…stories are always important. Even in an age of communication overload.
In fact, perhaps they are even more important now- the ones that mean something that is. The ones that are not manufactured- squeezed through the entertainment machine, shrink wrapped. We can recognise all the big-brother-X-Factor-Britain’s-got-talent stuff for what it is- mindless twaddle to inoculate our Saturday nights. But then along comes Susan Boyle, and we all scramble to share the story.
Our stories say so much about who we are, who we wish we might become, and what we value along the way. I suppose this was always true- the stories collected by Hans Christian Anderson were the same. They come to define us- they unite us in a common understanding of the world.
There is a way of understanding stories as underlying narratives that shape our culture and our humanity. So we are who we are because of the story that we were born into, and we find ourselves acting as characters within this story. The degree to which any of us change this narrative according to our own choices is a matter for debate.
But enough of all this, time to tell a story. It is ‘true’- in the sense that it is based on something true, but not in the sense that it is absolutely accurate. That is not the purpose of stories. Neither are they meant to steal from the people who are contained within them. The characters in this story are free-
There was a school in a small town near where I live. It was an ordinary school, full of an ordinary mix of young people learning how to be old people. It was full of chatter and laughter and the bubbling of stewing humanity.
For some, the place was a stage on which they acted, reciting lines with growing confidence.
For others, it was a dark forest full of dangers. Each corridor a mass of thorns. The school yard belonged to wild animals hunting in packs.
And in this ordinary school, the teachers, with the best of intentions, decided to hold a talent show. Notices were posted, names gathered, egos bristled and the stage was prepared for great things.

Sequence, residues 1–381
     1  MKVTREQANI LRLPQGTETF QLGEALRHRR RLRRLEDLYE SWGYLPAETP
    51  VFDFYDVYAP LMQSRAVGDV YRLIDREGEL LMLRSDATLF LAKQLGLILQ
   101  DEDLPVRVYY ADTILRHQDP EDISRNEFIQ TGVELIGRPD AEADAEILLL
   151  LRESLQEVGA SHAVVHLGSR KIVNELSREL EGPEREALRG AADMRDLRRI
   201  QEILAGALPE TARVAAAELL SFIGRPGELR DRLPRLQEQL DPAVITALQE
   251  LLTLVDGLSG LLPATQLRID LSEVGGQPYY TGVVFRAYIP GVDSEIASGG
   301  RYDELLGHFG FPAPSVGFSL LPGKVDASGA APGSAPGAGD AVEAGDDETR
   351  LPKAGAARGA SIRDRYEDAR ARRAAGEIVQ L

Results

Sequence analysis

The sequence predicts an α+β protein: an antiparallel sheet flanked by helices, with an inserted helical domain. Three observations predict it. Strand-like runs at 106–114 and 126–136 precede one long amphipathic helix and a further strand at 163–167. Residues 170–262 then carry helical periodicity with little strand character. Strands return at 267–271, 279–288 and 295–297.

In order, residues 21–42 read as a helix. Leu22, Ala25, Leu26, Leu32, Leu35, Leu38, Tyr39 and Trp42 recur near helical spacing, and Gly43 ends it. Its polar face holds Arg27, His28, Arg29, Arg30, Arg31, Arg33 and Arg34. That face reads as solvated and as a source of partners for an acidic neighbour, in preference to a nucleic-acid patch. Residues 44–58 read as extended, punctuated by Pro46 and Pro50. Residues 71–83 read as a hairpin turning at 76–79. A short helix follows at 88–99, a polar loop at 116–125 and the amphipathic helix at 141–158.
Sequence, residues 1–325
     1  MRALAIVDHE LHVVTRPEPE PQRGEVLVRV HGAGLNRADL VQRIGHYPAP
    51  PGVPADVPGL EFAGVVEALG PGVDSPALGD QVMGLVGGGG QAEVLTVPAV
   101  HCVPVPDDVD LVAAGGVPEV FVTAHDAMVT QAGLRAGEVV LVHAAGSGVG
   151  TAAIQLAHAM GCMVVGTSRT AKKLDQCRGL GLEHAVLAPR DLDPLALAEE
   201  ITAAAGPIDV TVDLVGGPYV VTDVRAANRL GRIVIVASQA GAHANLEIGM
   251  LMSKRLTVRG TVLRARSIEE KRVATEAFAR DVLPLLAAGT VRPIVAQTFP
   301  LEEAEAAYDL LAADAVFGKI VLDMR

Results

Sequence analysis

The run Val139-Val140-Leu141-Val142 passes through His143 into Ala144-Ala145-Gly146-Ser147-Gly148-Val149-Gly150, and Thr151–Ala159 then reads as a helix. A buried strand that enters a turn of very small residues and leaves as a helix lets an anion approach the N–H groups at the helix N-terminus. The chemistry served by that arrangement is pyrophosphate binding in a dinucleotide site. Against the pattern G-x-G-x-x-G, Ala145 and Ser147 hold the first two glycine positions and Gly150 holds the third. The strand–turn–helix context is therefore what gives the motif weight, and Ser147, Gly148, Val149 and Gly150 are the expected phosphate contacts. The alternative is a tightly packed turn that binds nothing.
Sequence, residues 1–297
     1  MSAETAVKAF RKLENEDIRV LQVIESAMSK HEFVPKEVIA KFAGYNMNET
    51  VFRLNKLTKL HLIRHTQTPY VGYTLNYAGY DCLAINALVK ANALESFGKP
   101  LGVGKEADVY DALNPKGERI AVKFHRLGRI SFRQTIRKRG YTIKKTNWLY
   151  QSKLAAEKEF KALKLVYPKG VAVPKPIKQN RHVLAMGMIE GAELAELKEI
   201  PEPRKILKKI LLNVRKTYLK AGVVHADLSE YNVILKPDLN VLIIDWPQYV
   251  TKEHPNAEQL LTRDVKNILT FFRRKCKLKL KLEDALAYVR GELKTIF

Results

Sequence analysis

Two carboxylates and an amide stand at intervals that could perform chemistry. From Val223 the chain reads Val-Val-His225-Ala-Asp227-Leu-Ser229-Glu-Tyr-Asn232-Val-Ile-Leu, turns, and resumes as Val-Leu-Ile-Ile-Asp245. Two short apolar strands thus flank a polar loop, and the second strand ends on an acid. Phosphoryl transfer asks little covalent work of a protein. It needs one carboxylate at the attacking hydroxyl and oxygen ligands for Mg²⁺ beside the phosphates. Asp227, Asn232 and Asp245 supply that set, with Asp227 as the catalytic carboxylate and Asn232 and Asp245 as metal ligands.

So it was that on the appointed day, the show began. The recreation hall was full, and although most kids learn cynicism and scorn much more readily than algebra, it was a welcome break from the classroom and so there was an excited buzz in the air.
Violins screeched. Chanters howled. Dancers of a variety of shapes and sizes danced. Some had far too much confidence for their levels of ability, some were entirely the other way round. All had this in common- they were backed by their supportive group- they represented their ‘tribe’. They each represented a constituency.
Apart from one.
She was not well known, and not understood at all. She managed to always be at the edge of things, unnoticed. Her school work was always completed, and averagely correct. Her school uniform was standard, if never stylish. Her hair was pump-water straight, and she wore heavy glasses as if to complete a disguise.
So it was, when she stood at the edge of the stage, there was a gasp, then some giggles. Unkindness is such common currency.
A perspiring deputy head teacher, also looking strangely bemused, stepped up to the microphone. “Ahem…” he said “Please put your hands together for Alice Smith, who is going to sing ‘Take me home country roads‘.”
The sniggering grew louder. Like the release of a gas valve, the whispers spread. What was she going to sing? Did she not know any decent songs? Who does she think she is anyway? Look at those shoes/that hair/the state of her.
But the teacher was not done “Alice has asked me to say that this song was the favourite song of her late father (ahem) who sadly (ahem) passed away a few weeks ago.”
The whispers ceased and silence opened like a cave as someone cued a crackly backing track.
I would like to tell you that Alice sang like a cross between an angel and a rock star, but this was not so. Her voice wavered in an out of the sound mix as her shaking hand moved the microphone around. She was for the most part in tune, but sang with a thin reedy voice.
Somewhere into the first chorus, her throat closed itself off into a sob. She tried to keep going, but the words came out in bursts and gasps, until she could sing no more. The backing track played on, and the hall was frozen mid breath.
Then in the middle of the audience, a girl stood up and started to sing.
Another girl joined her- then a boy. Then another and another. Eventually the whole room was full of children singing ‘Take me home, country roads, to the place where I belong, West Virginia, mountain momma, take me home, country roads…’ The saccharine sweetness of the words took on Shakespearean grandeur.
Something happened in that room. Many were openly weeping.
And God smiled a wide smile.